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Mark Vafiades

The California Capitol’s Culture of Corruption

Democrat State Sen. Ron Calderon returned to work this week, just a few days after FBI agents raided his Capitol office and removed numerous boxes in what was at least the appearance of an extensive criminal investigation.  It sure wasn’t spring cleaning.

Perhaps you may be thinking you missed the wall-to-wall news coverage and breathless newspaper reporters pursuing this story with Watergate-like zeal.  Well, don’t bother to go to Google now – you didn’t miss much.

Showing the absolute minimum journalistic curiosity, the Capitol press corps hasn’t had much to say about this and even less to report.  No matter your politics, this is a disappointing shortfall of public information.

Too harsh an assessment?  After being permitted by reporters the right to remain silent for a week, Calderon finally did meet the press outside his Capitol office.  He took no questions and went on the record – for a full 80 seconds.

With no apparent trace of irony, Calderon pledged to “to do my job that I was elected to do, attend my hearings, get my bills passed out of committee and onto the floor, and do the work of the state.”  The transcript is unclear if anybody busted out laughing.

The true trouble here is that one of the jobs Calderon was elected to do is not to become a target or be connected to a criminal investigation by the FBI.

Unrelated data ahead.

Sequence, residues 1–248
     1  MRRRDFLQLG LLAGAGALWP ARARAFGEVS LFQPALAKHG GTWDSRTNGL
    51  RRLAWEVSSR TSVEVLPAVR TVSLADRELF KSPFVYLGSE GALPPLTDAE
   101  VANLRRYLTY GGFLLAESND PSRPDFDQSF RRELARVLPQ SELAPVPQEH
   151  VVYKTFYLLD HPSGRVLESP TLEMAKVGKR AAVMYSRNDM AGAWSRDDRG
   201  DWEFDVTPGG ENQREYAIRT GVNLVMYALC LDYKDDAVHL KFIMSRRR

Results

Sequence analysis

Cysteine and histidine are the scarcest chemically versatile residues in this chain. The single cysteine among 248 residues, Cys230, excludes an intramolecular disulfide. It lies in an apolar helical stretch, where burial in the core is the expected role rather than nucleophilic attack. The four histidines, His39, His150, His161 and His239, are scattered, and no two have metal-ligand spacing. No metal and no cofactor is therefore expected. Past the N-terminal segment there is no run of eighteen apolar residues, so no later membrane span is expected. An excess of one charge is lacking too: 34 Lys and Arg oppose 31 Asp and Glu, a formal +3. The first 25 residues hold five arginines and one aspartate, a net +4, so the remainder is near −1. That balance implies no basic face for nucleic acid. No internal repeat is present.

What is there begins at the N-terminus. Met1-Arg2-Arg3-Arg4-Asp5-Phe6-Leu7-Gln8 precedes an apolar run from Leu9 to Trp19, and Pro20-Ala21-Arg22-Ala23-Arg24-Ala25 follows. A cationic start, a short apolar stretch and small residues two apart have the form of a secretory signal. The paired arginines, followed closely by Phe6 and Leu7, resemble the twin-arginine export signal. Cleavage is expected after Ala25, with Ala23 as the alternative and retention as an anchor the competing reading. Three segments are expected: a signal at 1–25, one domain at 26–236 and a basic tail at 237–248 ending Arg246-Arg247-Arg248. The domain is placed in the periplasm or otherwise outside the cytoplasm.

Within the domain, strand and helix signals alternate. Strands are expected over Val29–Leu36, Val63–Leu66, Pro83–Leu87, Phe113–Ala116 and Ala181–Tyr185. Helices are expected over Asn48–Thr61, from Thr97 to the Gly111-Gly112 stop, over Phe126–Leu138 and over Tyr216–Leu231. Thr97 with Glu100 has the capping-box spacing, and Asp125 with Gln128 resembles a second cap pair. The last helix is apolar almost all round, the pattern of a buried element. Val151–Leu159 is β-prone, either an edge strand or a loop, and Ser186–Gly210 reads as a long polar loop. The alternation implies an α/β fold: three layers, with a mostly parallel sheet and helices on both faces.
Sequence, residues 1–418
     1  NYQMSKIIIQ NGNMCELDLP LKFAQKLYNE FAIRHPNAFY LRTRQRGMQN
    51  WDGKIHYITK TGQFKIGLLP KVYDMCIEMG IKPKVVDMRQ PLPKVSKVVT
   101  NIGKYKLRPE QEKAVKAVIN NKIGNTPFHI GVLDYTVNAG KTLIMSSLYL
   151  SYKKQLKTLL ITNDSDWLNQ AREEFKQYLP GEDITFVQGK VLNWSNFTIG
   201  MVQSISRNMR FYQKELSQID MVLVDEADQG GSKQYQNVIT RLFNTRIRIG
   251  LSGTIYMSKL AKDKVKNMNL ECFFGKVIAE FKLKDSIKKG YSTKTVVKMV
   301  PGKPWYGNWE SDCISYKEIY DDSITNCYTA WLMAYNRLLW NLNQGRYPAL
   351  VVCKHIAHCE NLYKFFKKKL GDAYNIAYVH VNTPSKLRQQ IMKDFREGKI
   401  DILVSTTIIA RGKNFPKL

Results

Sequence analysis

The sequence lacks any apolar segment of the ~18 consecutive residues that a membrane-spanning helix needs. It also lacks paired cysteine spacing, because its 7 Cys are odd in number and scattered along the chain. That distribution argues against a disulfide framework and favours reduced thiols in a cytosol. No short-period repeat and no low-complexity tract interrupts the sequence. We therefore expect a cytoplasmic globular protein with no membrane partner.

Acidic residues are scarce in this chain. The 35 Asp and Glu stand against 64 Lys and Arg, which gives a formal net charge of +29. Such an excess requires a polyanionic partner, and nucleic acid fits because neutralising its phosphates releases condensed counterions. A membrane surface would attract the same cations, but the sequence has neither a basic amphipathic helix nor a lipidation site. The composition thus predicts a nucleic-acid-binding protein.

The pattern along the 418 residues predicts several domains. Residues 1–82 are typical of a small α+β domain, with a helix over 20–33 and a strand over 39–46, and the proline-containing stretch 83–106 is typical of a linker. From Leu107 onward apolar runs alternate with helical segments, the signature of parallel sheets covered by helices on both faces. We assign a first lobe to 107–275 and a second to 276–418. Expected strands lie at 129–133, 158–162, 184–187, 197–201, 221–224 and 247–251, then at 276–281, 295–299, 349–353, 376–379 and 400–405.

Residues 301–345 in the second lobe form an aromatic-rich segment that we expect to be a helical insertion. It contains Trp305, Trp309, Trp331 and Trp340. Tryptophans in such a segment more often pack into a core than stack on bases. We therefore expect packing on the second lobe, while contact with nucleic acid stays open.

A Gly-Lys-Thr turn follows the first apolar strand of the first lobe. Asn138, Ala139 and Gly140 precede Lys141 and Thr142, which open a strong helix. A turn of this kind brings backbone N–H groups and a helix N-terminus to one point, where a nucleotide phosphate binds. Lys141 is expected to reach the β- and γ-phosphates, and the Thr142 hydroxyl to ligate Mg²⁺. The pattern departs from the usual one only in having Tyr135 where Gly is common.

While the FBI and the U.S. Attorney’s office haven’t disclosed the focus of the probe or why Calderon was targeted, CBS affiliates have reported it is connected to the finances of a Los Angeles-area water district with close ties to Calderon’s brother, former Democrat legislator Tom Calderon.

It is time for some fundamental questions:  How can Sen. Calderon stay in office?  And how can his brother aggressively represent clients with business before the Legislature?

The big losers – at least in the short term – are Calderon’s constituents.  There is no way they can be effectively represented by a man with such an ethical dark cloud hanging over his head.  At the very least, all the cities in this Los Angeles district should ask Calderon to step aside, at least temporarily.

But the challenge and the problem are not limited only to Calderon.

The man who should be facing the media for more than 80 seconds is the most powerful politician in the Legislature: State Senate President Pro Tem Darrell Steinberg.  If he does not agree that Calderon must step down, he should explain why.  If this thought has not occurred to him, perhaps there is a larger problem.  Either way, it is not right that he has neither been asked, nor made to answer, this query.

And there’s a very good reason for this: Having achieved their fervent, decades-long goal of gaining two-thirds majorities in both houses of the Legislature, Democrats in Sacramento have become impervious to scrutiny and, I believe, carelessly dismissive of good governance.

One of their own had his office raided by the FBI and boxes of material removed.  And the Democrats’ response has been to say nothing, circle the wagons and wait for the heat to die down.

This is not only big news, it is an even bigger scandal.

While it is true that California voters have given Democrats sizable majorities in the State Legislature, perhaps those same people are now seeing one of the inevitable end results of providing absolute political power without insisting upon commensurate  political responsibility.

Now would seem to be an excellent time for all California voters – in any party, or no party – to conclude that the best and fastest remedy to address the California Capitol’s Culture of Corruption is to return at least a balance of power to Sacramento.  There is no other way.